Bankers fleeing to the corporate sector because they can't take the pressure: It's even happening in China

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Banker facing a hurdle

Will he jump to the corporate sector?

China's banking job market has started to become slightly bearish as the credit growth of the big four state-owned banks has declined and the A-share market has performed poorly. This is helping to drive some banking professionals into other parts of the financial industry, or even into the corporate sector, where they stand to enjoy a better work-life balance.

Clemmie Zhang, senior consultant, financial services, Antal International Beijing, says most banks, especially municipal commercial banks, have been affected by the downturn. "They have to adapt to the new business environment and set proper internal systems, as well as have new financial products, in order to have long-term success.” When the economic environment is pessimistic, it is even more difficult for them to compete with larger, nationwide banks.

Banking professionals have started to search for opportunities elsewhere. "They are looking into funds, trust companies, insurers, finance companies, leasing companies and even ones not in the financial area, like the auto industry. They are tired of the performance pressure," adds Zhang.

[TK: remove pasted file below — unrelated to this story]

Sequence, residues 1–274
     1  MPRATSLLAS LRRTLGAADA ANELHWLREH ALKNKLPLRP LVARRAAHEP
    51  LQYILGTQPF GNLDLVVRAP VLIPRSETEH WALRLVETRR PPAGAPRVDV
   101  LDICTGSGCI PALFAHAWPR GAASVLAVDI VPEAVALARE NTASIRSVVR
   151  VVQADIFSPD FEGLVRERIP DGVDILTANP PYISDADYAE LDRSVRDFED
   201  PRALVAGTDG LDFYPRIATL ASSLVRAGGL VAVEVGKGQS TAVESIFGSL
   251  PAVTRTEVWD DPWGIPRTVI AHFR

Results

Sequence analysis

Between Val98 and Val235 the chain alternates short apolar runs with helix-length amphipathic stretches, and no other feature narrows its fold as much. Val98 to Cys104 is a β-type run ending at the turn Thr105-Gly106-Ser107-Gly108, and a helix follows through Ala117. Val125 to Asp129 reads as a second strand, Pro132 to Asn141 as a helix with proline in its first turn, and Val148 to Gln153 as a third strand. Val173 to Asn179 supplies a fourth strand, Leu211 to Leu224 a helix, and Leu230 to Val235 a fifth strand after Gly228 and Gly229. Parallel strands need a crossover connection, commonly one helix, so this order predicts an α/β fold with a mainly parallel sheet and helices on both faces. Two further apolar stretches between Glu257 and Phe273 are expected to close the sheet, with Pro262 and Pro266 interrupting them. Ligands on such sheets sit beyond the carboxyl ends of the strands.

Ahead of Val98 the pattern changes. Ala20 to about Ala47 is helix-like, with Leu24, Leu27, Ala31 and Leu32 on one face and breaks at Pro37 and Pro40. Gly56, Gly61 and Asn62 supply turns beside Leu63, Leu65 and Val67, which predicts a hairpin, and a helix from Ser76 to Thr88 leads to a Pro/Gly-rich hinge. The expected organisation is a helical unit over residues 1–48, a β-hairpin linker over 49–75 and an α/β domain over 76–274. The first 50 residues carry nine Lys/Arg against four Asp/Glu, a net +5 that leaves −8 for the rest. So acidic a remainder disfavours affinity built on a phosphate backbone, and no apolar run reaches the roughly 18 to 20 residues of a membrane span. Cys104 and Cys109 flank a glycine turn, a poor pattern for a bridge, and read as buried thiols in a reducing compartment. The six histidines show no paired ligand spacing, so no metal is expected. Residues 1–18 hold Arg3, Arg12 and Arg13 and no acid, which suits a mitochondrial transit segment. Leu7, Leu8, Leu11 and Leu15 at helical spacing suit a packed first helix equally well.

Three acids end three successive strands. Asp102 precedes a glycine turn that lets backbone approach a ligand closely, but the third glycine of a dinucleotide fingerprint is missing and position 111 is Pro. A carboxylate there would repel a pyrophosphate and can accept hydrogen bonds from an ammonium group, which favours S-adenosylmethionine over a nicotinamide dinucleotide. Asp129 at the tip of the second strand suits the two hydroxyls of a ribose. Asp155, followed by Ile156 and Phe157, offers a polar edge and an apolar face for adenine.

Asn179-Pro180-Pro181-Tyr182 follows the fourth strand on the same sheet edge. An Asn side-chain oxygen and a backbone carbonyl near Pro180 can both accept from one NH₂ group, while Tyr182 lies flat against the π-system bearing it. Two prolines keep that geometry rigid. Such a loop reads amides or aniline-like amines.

Cecilia Li, senior finance consultant, RMG Selection, says: "Internet high-tech companies who have established strategic investment departments, some of which have their own funds, have attracted lots of candidates from the financial industry."

She adds: "Generally speaking, not all professionals will get an increase in salary in a short period of time, but their work-life balance will be better than before. For instance, the average working time is 10 to 16 hours in the financial industry and eight to 10 hours in other enterprises. Their salary may increased in the long-term as some enterprises offer long-term equity anticipation securities."

But if you staying in banking…

For those who are determined to stay in banking, employers are become more demanding about candidates' skills and backgrounds. "In the past many companies required large amounts of people in financial analysis and investment banking. At present, there are more positions for those with both a financial-analysis and consultancy background as well as financial experience," says Li.

Most banks still plan to open new branches in China. "Currently we have plenty of positions, but all are resource driven, which means candidates need to have a great amount of corporate deposits and have a strong sales ability," says Zhang.

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